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Friday, July 20, 2018

Music without borders

After seven years in the music industry and sweeping almost all awards this year for Aashiqui 2, music composer Mithoon is busy with multiple projects. He talks to Screen about Samrat and Co, his early beginnings and why he loves blending world music genres

Written by Priya Adivarekar | Mumbai | Updated: April 23, 2014 6:31:16 pm
Mithoon Mithoon

How different is the music of Samrat and Co, since working on the music of a detective drama can be quite challenging?

It isn’t a detour from what I usually do because though the film is a detective drama, my role was to enhance the romantic side of the detective. Two numbers that I worked on are love songs. There is a challenge in almost every project that an artist works on.

Who all have you worked with on this album?

I’ve used the voices of Arijit Singh, Chinmayee for Kis tarah se shukra and Gajendra for O humnavaa. I have worked with all three artists in the past. I personally feel the songs and situations justify why I made this choice. The output is simply beautiful.

How has life changed since Aashiqui 2 happened?

Tum Hi Ho… became a reminder of my ideologies. There is a certain pattern to my belief system and the kind of music that I want to create. I have been a composer for more than seven years and have witnessed a lot of ups and downs, along with accolades and criticism. Before Tum Hi Ho…, there were a lot of things crossing my mind, but after Aashiqui 2 everything changed. The success has re-affirmed my faith in the path I have chosen and have decided never to divert from it.

At what age did you realise that music is where your heart lies?

I come from a family of musicians, so I guess this is what I was always cut out to do. My first memory of music was probably when I was 4 or 5 years old. I was very fond of the song, So Gaya Yeh Jaahan (Tezaab), sung by Nitin Mukesh. My father Naresh Sharma was a music arranger and musicians were always in the house, trying out new things. Since that era was all about music sittings unlike the software and email based system which is prevalent now, I remember picking up the tambourine kept in my living room and would try to have fun playing it.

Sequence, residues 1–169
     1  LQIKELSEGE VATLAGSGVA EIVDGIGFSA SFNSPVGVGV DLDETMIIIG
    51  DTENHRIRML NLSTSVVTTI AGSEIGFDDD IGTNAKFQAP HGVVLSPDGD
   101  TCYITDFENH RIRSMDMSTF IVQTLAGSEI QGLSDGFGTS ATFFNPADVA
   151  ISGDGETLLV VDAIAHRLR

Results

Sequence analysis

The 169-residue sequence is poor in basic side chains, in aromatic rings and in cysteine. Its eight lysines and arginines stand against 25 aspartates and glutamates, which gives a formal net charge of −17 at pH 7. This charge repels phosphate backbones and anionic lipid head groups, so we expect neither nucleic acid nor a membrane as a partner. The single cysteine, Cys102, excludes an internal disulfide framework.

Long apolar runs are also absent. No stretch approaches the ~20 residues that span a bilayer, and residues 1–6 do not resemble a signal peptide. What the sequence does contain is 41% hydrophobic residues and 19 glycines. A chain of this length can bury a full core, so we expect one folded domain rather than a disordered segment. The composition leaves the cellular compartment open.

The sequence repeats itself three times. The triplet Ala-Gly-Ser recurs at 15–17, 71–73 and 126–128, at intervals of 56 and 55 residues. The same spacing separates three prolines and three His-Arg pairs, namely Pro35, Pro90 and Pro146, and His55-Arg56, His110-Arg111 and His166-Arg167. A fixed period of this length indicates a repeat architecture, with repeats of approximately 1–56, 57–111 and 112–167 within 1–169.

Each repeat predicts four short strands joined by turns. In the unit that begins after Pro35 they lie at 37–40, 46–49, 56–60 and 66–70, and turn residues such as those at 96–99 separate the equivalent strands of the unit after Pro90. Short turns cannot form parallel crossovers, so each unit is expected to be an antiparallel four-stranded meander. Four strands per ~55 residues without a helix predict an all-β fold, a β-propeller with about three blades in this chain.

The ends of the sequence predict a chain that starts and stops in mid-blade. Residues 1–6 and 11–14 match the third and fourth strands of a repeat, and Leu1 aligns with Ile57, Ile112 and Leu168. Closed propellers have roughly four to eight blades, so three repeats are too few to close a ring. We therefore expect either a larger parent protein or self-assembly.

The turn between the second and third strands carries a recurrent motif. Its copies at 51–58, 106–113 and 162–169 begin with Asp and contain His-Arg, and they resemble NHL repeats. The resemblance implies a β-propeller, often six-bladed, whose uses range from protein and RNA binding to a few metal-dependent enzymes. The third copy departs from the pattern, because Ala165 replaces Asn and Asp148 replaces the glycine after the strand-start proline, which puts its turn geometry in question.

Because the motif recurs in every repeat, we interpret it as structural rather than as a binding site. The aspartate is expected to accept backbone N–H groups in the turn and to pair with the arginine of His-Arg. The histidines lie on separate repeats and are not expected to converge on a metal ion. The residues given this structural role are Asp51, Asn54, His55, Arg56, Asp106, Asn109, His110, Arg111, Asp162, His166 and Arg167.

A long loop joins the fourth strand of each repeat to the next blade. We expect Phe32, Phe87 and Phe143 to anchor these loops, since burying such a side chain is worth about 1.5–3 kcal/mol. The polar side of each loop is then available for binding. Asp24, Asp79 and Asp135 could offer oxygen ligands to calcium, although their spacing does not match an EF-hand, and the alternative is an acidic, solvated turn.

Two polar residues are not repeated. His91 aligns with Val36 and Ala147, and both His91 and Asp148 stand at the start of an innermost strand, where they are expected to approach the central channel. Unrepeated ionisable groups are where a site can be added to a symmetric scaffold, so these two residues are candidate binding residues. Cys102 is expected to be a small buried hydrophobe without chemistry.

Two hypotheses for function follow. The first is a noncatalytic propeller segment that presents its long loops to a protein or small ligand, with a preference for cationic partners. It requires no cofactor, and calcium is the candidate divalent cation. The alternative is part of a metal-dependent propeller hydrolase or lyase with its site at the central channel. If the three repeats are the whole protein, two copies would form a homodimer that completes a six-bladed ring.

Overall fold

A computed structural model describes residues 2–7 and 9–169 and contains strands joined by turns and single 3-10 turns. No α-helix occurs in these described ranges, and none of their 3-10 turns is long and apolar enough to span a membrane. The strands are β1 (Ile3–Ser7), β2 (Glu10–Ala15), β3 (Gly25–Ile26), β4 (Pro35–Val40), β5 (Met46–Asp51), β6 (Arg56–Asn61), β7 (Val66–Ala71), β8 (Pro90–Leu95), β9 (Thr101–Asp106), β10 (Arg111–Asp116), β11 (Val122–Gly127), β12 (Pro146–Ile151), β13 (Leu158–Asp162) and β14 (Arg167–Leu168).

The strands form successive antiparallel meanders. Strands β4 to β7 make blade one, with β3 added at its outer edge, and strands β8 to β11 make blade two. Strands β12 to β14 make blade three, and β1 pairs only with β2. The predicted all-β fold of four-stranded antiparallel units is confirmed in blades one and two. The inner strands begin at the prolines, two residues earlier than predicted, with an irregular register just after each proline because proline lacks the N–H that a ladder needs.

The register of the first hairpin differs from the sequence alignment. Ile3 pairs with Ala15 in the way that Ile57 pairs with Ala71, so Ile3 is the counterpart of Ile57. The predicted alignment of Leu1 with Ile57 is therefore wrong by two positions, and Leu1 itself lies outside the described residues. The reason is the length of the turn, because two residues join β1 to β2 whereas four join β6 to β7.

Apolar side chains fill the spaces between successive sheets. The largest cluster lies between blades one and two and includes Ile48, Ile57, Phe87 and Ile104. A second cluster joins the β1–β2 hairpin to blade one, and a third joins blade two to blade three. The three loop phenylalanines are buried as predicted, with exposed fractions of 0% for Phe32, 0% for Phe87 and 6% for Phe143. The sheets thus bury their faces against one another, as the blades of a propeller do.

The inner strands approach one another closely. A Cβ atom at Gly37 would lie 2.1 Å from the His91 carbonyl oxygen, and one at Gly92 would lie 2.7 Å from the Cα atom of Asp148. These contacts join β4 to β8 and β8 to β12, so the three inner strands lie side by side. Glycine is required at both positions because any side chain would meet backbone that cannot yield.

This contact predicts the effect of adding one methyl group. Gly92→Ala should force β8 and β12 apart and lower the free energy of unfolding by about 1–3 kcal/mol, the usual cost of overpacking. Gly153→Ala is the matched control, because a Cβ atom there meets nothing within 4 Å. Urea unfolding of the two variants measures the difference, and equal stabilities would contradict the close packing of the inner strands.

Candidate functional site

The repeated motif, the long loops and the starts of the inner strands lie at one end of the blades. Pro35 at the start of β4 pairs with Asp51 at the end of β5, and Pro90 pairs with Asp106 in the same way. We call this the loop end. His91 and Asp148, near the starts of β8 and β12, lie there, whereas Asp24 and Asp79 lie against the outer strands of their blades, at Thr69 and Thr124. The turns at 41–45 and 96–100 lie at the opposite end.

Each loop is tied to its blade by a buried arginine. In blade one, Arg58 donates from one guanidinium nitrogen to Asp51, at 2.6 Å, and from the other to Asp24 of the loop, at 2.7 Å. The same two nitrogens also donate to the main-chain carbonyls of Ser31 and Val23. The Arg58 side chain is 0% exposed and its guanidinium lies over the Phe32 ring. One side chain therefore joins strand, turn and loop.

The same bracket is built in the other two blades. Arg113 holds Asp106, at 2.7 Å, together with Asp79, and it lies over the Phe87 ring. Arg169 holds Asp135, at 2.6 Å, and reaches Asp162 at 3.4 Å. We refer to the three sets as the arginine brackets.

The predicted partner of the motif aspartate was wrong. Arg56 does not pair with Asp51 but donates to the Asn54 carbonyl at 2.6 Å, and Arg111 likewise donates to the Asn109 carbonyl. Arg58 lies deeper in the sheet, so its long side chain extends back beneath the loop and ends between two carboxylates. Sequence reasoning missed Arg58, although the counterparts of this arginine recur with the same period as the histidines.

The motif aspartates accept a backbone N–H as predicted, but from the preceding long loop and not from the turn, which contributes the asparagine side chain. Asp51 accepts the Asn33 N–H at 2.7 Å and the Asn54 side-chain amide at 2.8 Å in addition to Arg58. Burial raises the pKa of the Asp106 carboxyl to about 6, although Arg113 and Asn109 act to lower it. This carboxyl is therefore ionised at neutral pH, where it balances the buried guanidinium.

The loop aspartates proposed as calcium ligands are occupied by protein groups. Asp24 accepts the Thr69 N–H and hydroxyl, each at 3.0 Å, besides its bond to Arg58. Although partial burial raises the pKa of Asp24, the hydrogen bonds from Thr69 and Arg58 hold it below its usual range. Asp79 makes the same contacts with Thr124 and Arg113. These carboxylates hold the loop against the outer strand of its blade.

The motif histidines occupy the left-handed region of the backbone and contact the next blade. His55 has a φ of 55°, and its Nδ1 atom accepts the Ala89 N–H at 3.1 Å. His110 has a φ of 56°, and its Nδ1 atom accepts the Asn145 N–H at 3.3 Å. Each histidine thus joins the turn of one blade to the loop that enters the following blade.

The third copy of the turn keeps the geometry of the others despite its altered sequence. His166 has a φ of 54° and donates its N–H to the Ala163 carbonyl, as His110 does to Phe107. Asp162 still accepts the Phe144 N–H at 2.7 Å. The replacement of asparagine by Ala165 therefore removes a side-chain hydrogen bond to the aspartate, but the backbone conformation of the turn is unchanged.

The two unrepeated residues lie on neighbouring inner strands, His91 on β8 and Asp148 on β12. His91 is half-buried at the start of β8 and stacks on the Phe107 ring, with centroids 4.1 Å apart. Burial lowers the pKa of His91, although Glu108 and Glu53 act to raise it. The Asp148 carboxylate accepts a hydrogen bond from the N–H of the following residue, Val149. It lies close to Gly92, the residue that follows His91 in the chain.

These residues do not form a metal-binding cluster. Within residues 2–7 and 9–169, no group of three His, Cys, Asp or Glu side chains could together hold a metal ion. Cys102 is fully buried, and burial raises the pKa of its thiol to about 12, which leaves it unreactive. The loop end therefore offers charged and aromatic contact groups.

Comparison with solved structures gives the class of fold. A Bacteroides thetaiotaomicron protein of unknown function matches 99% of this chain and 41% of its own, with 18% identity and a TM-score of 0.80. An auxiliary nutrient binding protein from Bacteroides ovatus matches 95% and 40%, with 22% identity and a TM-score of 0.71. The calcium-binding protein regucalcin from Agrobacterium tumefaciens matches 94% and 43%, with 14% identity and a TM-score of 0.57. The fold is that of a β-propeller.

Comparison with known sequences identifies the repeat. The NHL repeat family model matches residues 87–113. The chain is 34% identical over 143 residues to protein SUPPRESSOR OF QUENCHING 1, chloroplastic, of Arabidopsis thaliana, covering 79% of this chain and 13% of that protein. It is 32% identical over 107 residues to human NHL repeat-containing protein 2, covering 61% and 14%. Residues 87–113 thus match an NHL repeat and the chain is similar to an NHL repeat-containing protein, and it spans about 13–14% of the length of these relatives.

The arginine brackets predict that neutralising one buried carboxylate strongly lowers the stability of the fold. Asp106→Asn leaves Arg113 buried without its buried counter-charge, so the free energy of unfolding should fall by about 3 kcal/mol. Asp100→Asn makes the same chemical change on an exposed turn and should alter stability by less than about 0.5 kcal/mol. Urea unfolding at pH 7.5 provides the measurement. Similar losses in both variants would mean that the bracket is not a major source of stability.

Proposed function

How did you bag your first project in the film, Zeher?

I got my first film when I was still in college and it was my father who asked me to try my hand at music. I recreated the Pakistani hit song Woh Lamhe for Zeher, which was followed by my first original composition sung by Atif Aslam, called Tere Bin, from Bas Ek Pal. After that, there was no looking back.

What genre of music are you most comfortable with?

As an avid music fan, I have grown up listening to a lot of Jazz. Miles Davis, Chick Correa, Oscar Peterson and Ahmed Jamal are some of my favourites. When I create music, I like to explore a lot of world music. The sounds of different cultures and countries, like merging a Kashmiri carpet song with an Iranian folk melody. In fact, I have done something like that in Onir’s next film.

Any particular music composer who is your role model?

My music is inspired by the Lord (Jesus), but my role models come from a wide range of composers in India, right from M.M. Kreem, Viju Shah to Laxmikant – Pyarelal and of course, A.R. Rahman.

Are you planning to cut an album or a single any time soon?

As a composer, I’d love to, but I’m tied up with all the music I have to compose for movies this year. I wouldn’t mind doing something along the lines of Coke Studio rather than a conventional album.

What are the projects that you are working on and the kind of compositions that you have created for it?

Ek Villain and Creature are my two immediate releases. Mohit Suri is a very humane director and he always thinks of a song situation from a humane perspective, which makes things easy for me. I would say Ek Villain is one of the most powerful scripts I have come across in recent times. In Creature 3D, there are five songs and every track highlights an aspect of love. I have also worked on the songs for Onir’s next, Shabd, and Rajesh Pillai’s Traffic.

You have sung quite a few songs, but never did it regularly. Any plans of getting behind the mic?

I have never really been persistent about being a singer. The composer in me is always neutral while deciding singers. But I feel in Creature, there is this particular song that my voice can do justice too. I also keep getting a lot of fan requests, asking me to sing, especially after listening to songs from The Train and my album, Tu hi mere rab ki tarah. I owe it to my fans, so I will be singing.

 

 

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